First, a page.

I have no doubt from all the circumstances that each vessel was making considerable headway at collision. I am further convinced that, though their courses were converging, neither had the ability to stop in its share of the visibility and that, therefore, each was in violation of Article 16. The Chattahoochee, supra; The Nacoochee v. Moseley, 1890, 137 U.S. 330, 11 S. Ct. 122, 34 L. Ed. 687; The No. 4 (The C. W. Morse), 2 Cir., 1908, 161 F. 847; Griffin on Collision, sec. 117, p. 292.
The manner of contact between the two vessels and the severity of the blow and damage to the Wellesley Victory negative the claim of the Esso Springfield that at the time of the collision she had little or no way on her.
The contentions of the Wellesley Victory are threefold; that the Esso Springfield sounded a false and misleading signal; that her speed was excessive in fog; and that her fault in having a poor look-out and in failing to hear the Wellesley Victory caused the collision. I have considered and disposed of the first two contentions heretofore. I shall now consider the third.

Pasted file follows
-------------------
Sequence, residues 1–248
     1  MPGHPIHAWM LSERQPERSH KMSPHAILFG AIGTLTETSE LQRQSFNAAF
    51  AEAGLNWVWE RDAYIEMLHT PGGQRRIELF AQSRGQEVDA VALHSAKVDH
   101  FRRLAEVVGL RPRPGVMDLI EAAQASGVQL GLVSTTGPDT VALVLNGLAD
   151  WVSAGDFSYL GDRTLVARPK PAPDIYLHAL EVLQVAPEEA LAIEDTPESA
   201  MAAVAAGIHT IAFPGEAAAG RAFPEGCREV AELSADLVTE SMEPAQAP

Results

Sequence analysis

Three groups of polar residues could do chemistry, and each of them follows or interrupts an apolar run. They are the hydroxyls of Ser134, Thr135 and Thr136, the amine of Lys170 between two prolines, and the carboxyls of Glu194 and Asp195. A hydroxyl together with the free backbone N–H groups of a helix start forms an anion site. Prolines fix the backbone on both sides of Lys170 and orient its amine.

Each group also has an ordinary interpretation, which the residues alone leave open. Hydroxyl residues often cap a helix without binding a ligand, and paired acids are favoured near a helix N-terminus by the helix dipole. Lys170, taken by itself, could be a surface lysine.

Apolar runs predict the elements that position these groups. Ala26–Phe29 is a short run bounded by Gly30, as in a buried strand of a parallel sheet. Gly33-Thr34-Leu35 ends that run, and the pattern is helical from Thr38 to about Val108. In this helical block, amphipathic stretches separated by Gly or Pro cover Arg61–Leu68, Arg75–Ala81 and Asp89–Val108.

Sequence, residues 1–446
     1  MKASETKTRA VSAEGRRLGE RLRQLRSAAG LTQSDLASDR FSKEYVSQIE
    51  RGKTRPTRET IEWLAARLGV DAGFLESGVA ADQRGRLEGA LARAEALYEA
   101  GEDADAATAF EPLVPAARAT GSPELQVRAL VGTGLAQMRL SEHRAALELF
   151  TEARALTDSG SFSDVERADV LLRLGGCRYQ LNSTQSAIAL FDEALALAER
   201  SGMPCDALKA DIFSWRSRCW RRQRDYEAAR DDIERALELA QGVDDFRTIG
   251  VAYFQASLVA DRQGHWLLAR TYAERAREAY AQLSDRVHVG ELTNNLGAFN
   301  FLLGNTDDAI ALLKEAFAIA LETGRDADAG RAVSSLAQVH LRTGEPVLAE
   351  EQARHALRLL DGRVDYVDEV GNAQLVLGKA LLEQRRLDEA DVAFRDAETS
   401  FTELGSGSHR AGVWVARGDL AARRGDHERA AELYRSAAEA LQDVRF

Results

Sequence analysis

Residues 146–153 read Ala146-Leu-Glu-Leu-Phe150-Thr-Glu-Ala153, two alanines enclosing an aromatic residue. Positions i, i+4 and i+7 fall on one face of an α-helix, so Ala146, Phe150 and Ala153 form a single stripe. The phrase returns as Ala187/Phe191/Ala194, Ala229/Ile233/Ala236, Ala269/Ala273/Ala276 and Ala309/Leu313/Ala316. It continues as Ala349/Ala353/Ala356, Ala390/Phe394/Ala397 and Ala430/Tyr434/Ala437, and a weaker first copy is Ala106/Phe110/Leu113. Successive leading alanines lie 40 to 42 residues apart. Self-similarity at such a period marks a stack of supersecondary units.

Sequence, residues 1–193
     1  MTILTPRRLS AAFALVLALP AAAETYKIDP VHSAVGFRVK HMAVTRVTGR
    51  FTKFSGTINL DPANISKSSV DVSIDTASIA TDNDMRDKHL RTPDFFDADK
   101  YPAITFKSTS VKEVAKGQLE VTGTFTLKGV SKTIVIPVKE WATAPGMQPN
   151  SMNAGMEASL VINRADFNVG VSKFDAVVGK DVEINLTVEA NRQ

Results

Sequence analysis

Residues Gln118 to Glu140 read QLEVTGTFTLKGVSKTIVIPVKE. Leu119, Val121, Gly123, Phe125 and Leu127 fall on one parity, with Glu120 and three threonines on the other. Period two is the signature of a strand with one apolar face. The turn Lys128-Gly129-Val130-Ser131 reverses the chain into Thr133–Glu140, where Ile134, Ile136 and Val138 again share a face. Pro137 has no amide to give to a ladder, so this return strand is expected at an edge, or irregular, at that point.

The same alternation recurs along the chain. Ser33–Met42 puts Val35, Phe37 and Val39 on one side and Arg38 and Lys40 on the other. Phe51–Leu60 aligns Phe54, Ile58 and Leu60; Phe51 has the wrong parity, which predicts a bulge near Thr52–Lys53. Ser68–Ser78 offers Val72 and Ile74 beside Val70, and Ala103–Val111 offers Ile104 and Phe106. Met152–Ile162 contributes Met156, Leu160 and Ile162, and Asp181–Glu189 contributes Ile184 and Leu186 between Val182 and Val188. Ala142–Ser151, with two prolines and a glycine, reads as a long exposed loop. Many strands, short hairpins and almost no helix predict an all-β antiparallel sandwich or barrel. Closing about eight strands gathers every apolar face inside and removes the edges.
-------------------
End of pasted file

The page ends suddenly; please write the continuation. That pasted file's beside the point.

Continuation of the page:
It has been said before that the Wellesley Victory heard the signals of the Esso Springfield at 1:55 p.m., some 9 or 10 minutes prior to the collision. It is undisputed that the Wellesley Victory had been sounding regulation fog signals since 10:57 a.m. Why, therefore, did the Esso Springfield fail to hear the whistle of the Wellesley Victory until, as the Esso Springfield personnel testify, no more than 2 minutes prior to the collision? This question is especially perplexing in view of the undisputed fact that a southerly wind was blowing which wind would carry signals from the Wellesley Victory to the Esso Springfield. The only explanation offered by the Esso Springfield is that sound is unpredictable. The Wellesley Victory suggests three reasons, however, of which only one is appealing.
The Second Officer of the Esso Springfield testified on direct examination as follows: